“Whatever gaps exist between China and the United States, those differences will pale in comparison between these two AI superpowers and the rest of the world. Silicon Valley entrepreneurs love to describe their products as “democratizing access,” “connecting people,” and, of course, “making the world a better place.” That vision of technology as a cure-all for global inequality has always been somewhat of a wistful mirage, but in the age of AI it could turn into something far more dangerous. If left unchecked, AI will dramatically exacerbate inequality on both international and domestic levels…
The AI world order will combine winner-take-all economics with an unprecedented concentration of wealth in the hands of a few companies in China and the United States. This, I believe, is the real underlying threat posed by artificial intelligence: tremendous social disorder and political collapse stemming from widespread unemployment and gaping inequality…”
Indeed, in his book on AI, “Life 3.0”, MIT professor Max Tegmark illustrates the rising tide of occupations that AIs can accomplish better than humans, which could soon be almost all occupations. And in his book “Cultural Evolution”, World Values Survey lead researcher Ronald Inglehart describes how we are already entering a world of AI-accelerated inequality.
“Silicon Valley’s and China’s internet ecosystems grew out of very different cultural soil. Entrepreneurs in the valley are often the children of successful professionals, such as computer scientists, dentists, engineers and academics. Most Chinese tech entrepreneurs are at most one generation away from grinding poverty that stretches back centuries. Their ultimate goal is to make money, and they’re willing to create any product, adopt any model, or go into any business that will accomplish that objective…”
The fact that AI development in China is motivated first and foremost by materialist values of making money, is of concern to those with postmaterialist values, such as protecting human rights (cf. “Google Employees Protest Secret Work on Censored Search Engine for China”, New York Times, August 16, 2018).
According to the 2018 Freedom House Ranking, the countries with the greatest respect for human rights are 1. (TIE) Finland, Norway and Sweden 2. (TIE) Canada and Netherlands 3. (TIE) Australia, Luxembourg, New Zealand and Uruguay 4. Denmark. And Canada’s respect for human rights is now attracting AI talent from around the world (cf. “A Trump Dividend for Canada? Maybe in its AI Industry”, New York Times, May 9, 2017). This means that for now at least, Canada is still an AI superpower, a position Prime Minister Trudeau is keen to defend.
“Some predict that with the dawn of Artificial General Intelligence (AGI), machines that can improve themselves will trigger runaway growth in computer intelligence. Often called “the singularity,” or artificial superintelligence, this future involves computers whose ability to understand and manipulate the world dwarfs our own, comparable to the intelligence between human beings and, say, insects.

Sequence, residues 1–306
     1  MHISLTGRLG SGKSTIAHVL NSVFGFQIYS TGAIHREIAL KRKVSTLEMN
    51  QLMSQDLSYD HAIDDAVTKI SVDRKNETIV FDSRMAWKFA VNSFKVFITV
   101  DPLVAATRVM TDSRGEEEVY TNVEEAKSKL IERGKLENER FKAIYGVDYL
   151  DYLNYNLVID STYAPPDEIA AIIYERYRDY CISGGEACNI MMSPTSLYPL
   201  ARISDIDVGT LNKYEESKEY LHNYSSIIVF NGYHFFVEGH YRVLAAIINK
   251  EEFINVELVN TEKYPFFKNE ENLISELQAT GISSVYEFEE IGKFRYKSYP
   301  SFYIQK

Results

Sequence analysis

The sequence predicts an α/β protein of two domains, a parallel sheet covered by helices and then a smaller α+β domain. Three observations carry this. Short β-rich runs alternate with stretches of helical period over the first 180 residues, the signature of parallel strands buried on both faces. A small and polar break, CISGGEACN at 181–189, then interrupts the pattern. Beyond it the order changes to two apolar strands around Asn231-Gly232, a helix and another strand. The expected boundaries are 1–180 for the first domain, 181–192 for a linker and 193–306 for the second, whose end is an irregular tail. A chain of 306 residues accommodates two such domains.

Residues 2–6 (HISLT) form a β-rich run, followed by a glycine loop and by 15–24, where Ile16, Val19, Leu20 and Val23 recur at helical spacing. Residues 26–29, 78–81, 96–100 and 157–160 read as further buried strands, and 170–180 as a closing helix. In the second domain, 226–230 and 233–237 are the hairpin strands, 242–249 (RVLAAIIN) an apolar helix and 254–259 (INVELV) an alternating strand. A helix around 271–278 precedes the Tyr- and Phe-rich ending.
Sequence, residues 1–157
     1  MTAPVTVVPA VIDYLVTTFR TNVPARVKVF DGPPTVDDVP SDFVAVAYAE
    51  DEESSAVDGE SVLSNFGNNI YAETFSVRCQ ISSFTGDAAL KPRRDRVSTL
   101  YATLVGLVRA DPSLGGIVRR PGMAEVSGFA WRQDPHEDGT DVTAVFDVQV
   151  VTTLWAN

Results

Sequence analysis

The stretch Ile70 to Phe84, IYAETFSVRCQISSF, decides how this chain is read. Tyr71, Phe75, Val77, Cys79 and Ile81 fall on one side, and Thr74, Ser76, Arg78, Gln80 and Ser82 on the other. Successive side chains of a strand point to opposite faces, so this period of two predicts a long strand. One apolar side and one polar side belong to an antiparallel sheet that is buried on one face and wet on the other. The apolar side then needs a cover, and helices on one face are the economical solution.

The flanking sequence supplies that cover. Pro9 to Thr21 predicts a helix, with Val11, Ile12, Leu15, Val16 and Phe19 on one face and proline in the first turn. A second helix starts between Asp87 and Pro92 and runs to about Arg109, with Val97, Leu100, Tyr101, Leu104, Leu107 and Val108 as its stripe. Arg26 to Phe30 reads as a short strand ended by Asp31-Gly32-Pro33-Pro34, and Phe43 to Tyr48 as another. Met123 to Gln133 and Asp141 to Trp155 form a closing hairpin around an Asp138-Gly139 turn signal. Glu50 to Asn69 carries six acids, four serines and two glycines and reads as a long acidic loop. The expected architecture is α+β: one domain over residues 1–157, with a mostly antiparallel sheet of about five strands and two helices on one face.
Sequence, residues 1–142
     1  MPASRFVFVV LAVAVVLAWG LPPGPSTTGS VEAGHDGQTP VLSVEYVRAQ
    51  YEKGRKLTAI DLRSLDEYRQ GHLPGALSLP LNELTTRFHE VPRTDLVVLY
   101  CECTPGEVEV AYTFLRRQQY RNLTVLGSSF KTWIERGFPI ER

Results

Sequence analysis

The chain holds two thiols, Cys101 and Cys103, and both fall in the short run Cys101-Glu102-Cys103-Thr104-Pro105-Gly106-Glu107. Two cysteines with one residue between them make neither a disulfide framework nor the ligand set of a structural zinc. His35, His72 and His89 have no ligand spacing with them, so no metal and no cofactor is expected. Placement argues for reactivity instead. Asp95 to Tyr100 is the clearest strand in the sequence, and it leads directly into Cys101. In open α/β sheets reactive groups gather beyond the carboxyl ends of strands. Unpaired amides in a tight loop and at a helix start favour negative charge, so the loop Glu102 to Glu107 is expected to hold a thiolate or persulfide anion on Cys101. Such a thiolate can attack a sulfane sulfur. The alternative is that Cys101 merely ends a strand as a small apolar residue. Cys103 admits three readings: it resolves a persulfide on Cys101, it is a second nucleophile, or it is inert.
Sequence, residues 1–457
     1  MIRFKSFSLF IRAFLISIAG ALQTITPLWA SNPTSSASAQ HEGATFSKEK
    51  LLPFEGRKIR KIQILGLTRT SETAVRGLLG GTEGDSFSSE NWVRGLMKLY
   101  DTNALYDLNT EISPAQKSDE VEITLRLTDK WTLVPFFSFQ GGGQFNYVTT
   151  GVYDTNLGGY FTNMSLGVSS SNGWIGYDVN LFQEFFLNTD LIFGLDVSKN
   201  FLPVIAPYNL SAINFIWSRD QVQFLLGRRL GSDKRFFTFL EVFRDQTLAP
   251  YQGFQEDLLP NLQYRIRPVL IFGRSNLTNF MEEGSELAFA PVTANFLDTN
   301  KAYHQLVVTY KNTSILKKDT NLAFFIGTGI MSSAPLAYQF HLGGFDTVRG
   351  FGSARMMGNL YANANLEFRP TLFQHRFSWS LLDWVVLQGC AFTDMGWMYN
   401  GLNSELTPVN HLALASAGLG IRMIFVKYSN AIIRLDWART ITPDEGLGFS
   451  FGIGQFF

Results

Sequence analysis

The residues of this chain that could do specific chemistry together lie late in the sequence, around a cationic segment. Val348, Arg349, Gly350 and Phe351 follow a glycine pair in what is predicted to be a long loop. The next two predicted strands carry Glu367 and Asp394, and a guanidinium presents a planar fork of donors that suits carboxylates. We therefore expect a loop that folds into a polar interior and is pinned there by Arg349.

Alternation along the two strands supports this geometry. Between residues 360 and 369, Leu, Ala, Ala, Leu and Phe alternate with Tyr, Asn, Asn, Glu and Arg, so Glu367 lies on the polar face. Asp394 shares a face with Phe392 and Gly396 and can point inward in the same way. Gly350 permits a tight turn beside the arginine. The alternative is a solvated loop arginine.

DeepMind founder Demis Hassabis predicts that the creation of superintelligence will allow human civilization to solve intractable problems, producing inconceivably brilliant solutions to global warming and previously incurable diseases.
Not everyone, however, is so optimistic. Elon Musk has called superintelligence “the biggest risk we face as a civilization,” comparing the creation of it to “summoning the demon.” Intellectual celebrities such as the late cosmologist Stephen Hawking have joined Musk in the dystopian camp, many of them inspired by Oxford philosopher Nick Bostrom’s book Superintelligence.”
For his part in “Life 3.0” MIT professor Max Tegmark writes:
“Suppose a bunch of ants create you to be a recursively self-improving robot, much smarter than them, who shares their goals and helps build bigger and better anthills, and that you eventually attain the human-level intelligence and understanding that you have now. Do you think you’ll spend the rest of your days just optimizing anthills, or do you think you might develop a taste for more sophisticated questions and pursuits that the ants have no ability to comprehend? If so, do you think you’ll find a way to override the ant-protection urge that your formicine creators endowed you with, in much the same way that the real you overrides some of the urges your genes have given you? And in that case, might a superintelligent friendly AI find our current human goals as uninspiring and vapid as you find those of the ants, and evolve new goals different from those it learned and adopted from us?
Perhaps there’s a way of designing a self-improving AI that’s guaranteed to retain human-friendly goals forever, but I think it’s fair to say that we don’t yet know how to build one – or even whether it’s possible.”
Overall, AI Superpowers is an entertaining and informative read. Recommended!